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  • Writer's pictureJohn J Lowe

I hate Fat Cats but do love their salaries

Updated: Jun 1, 2023

The  banking crisis caused us to focus on the contradictions in our society whereby we tolerate what is generally accepted as greedy by behaviour, greedy because the beneficiary does not deserve the reward.  It is rather like borrowing a friend’s money and betting it on a horse. If the horse wins you give the money back or bet again and retain further wins.  If the horse loses well – you have lost a friend.

There is underlying anger and frustration whereby the incompetence and cavalier attitude of part of commercial society has caused innocent parties to have to make financial sacrifices.  The blameless do not enjoy losing their job because the banking sector decides to run amok without financial expediency.

Fancy terms

It does not help when banks use strange terminology: swaps, puts, call, caps, vehicles, instruments terms which have nothing to do with cars or saxophones and they also seem to use complicated mathematical computations and up until the credit crunch there was a ‘well they know best’, ‘my pension is being carefully managed by knowledgeable executives who are ensuring that it is safe and making an equitable gain and I can look forward to a good outcome’.

Crash, banks go bust; government to the rescue (that’s your money).  And why did nobody see this coming?  Economists, professors, financial reporters, independent experts did not warn us. Senior leading deistical executives who were giving high profile speeches at international conferences as the oracles of global banking became the managers of the biggest financial disasters in history.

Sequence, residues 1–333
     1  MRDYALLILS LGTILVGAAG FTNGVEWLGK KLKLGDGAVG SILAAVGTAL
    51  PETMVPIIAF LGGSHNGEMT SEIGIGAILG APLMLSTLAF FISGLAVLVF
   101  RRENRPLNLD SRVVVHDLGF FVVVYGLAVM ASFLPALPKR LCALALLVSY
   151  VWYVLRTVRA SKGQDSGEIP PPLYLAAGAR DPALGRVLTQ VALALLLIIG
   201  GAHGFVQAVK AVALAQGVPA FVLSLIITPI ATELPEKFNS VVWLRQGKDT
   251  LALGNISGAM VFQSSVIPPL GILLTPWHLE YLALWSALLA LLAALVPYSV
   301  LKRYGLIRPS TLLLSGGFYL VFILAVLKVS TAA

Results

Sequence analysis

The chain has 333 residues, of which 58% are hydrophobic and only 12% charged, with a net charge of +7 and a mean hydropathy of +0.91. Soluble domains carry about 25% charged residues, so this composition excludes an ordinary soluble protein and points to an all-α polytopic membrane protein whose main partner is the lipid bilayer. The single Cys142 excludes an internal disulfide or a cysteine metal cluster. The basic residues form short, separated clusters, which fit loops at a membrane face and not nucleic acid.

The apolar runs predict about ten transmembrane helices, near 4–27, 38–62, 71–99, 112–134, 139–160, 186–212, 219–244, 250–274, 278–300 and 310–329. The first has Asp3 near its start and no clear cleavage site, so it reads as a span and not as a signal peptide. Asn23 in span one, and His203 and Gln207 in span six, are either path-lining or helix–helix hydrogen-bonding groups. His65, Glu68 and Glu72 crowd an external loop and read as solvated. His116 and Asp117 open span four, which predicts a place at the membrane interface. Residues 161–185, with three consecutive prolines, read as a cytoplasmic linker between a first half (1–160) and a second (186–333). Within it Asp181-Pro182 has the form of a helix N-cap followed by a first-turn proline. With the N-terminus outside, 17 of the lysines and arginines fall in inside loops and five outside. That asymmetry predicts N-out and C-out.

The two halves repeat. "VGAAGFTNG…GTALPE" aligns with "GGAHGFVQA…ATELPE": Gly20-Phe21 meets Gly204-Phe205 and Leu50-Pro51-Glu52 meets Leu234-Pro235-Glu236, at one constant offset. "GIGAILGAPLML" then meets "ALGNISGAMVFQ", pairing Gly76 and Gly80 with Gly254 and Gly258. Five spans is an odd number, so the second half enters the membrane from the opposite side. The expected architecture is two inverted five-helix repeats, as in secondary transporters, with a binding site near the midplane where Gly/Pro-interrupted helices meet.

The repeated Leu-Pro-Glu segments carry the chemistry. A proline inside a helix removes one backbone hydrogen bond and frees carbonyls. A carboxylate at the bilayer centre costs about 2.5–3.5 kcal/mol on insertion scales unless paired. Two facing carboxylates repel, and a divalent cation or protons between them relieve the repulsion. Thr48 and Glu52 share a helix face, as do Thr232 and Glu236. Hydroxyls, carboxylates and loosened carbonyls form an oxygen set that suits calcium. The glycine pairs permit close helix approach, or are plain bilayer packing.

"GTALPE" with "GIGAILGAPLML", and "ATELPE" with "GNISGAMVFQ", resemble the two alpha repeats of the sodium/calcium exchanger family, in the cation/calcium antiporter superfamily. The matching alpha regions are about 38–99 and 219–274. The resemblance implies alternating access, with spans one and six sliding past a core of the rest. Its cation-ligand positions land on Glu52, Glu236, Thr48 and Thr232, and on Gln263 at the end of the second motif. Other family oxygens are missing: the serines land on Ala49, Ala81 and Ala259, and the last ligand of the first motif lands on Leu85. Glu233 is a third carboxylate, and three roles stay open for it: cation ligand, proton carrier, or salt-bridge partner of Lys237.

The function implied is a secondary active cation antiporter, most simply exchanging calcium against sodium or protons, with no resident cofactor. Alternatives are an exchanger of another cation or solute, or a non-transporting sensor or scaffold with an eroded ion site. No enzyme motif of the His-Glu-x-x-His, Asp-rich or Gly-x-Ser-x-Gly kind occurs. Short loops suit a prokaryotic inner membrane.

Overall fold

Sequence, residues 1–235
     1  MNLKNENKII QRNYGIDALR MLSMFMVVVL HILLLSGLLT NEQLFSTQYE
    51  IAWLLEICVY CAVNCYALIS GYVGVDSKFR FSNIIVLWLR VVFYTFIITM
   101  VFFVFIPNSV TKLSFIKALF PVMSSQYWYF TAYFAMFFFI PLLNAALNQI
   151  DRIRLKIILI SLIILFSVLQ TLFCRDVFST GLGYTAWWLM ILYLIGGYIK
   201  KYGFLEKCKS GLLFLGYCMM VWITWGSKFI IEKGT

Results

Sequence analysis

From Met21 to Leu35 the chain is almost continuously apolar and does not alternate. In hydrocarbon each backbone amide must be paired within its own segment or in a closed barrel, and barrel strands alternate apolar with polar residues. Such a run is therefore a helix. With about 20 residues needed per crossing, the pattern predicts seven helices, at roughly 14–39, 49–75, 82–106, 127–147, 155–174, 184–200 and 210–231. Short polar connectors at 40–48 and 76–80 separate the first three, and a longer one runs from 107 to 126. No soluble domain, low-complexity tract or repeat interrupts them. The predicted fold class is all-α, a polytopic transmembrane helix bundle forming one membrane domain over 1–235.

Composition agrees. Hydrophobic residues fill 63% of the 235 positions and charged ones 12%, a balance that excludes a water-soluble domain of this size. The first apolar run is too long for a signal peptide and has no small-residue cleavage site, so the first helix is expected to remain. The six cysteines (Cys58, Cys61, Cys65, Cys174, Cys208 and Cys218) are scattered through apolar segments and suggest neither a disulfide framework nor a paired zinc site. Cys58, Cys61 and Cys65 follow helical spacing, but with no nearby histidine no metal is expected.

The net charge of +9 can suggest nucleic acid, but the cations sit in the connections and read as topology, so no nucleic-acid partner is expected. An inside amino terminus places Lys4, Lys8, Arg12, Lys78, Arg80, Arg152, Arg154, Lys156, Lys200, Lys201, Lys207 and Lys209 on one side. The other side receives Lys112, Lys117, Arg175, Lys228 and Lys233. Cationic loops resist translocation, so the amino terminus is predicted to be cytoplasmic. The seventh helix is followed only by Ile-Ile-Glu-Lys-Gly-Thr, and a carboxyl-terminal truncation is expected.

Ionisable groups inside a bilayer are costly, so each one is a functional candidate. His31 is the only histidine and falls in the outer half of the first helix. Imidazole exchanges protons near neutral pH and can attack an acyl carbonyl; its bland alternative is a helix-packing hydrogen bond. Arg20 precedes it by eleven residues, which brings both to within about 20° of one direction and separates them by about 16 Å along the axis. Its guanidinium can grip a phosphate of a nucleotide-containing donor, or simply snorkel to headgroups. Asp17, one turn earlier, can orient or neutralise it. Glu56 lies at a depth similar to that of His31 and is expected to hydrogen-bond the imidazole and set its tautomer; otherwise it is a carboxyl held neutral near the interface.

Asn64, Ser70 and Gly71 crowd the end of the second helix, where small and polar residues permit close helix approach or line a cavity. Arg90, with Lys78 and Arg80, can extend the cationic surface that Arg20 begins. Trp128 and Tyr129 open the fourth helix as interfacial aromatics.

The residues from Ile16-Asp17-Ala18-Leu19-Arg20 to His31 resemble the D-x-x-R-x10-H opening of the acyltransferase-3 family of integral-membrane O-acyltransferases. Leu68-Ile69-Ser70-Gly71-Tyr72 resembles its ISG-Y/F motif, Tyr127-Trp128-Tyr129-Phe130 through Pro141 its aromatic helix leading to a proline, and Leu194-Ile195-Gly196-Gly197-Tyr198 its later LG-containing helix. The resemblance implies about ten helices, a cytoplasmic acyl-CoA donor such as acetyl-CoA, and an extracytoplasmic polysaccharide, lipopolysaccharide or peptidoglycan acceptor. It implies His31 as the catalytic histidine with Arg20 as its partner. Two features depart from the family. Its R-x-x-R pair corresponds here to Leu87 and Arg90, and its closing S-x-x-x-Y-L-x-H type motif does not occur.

Boxes with financial goodies were traded like pass the parcel yet nobody wanted to open the parcels despite warnings that some only contained no more value than a pair of old socks.  Keep it moving, get shot was the dictate.  But of course like most deliveries they have to arrive somewhere and when the directors of a famous financial institution commissioned the auditors to open the boxes, it was not a pretty sight. ‘We’ve been robbed!’ – they might shout. But no, they were just the unlucky ones who ended up with the duff goods.  Most people do of course open the parcel to check what they have ordered was delivered.

Open the box

My analogy may be a bit colloquial but it represents the scenario.

And I think the maxim ‘they know best’ is no longer good enough.  You must open every box and if it has funny names like puts, calls or subprime then check it out – as your cat is about to lose a lot of weight.

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